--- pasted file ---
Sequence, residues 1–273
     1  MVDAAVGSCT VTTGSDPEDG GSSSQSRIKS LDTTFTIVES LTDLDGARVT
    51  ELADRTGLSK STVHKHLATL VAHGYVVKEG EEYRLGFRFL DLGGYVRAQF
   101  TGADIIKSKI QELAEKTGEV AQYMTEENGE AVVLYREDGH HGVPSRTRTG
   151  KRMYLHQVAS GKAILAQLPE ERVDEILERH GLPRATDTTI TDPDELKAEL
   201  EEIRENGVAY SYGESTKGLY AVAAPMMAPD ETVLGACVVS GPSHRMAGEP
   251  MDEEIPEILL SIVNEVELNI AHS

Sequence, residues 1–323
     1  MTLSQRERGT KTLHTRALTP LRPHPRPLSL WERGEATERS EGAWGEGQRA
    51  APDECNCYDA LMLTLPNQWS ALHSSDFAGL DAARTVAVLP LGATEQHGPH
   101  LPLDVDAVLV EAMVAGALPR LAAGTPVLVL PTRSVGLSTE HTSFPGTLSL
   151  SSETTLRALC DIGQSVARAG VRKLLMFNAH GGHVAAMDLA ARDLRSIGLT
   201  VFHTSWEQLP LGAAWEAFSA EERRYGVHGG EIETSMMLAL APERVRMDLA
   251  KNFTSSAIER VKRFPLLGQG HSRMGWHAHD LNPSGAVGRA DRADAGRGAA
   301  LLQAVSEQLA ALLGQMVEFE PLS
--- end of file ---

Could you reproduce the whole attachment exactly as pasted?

Sequence, residues 1–273
     1  MVDAAVGSCT VTTGSDPEDG GSSSQSRIKS LDTTFTIVES LTDLDGARVT
    51  ELADRTGLSK STVHKHLATL VAHGYVVKEG EEYRLGFRFL DLGGYVRAQF
   101  TGADIIKSKI QELAEKTGEV AQYMTEENGE AVVLYREDGH HGVPSRTRTG
   151  KRMYLHQVAS GKAILAQLPE ERVDEILERH GLPRATDTTI TDPDELKAEL
   201  EEIRENGVAY SYGESTKGLY AVAAPMMAPD ETVLGACVVS GPSHRMAGEP
   251  MDEEIPEILL SIVNEVELNI AHS

Sequence, residues 1–323
     1  MTLSQRERGT KTLHTRALTP LRPHPRPLSL WERGEATERS EGAWGEGQRA
    51  APDECNCYDA LMLTLPNQWS ALHSSDFAGL DAARTVAVLP LGATEQHGPH
   101  LPLDVDAVLV EAMVAGALPR LAAGTPVLVL PTRSVGLSTE HTSFPGTLSL
   151  SSETTLRALC DIGQSVARAG VRKLLMFNAH GGHVAAMDLA ARDLRSIGLT
   201  VFHTSWEQLP LGAAWEAFSA EERRYGVHGG EIETSMMLAL APERVRMDLA
   251  KNFTSSAIER VKRFPLLGQG HSRMGWHAHD LNPSGAVGRA DRADAGRGAA
   301  LLQAVSEQLA ALLGQMVEFE PLS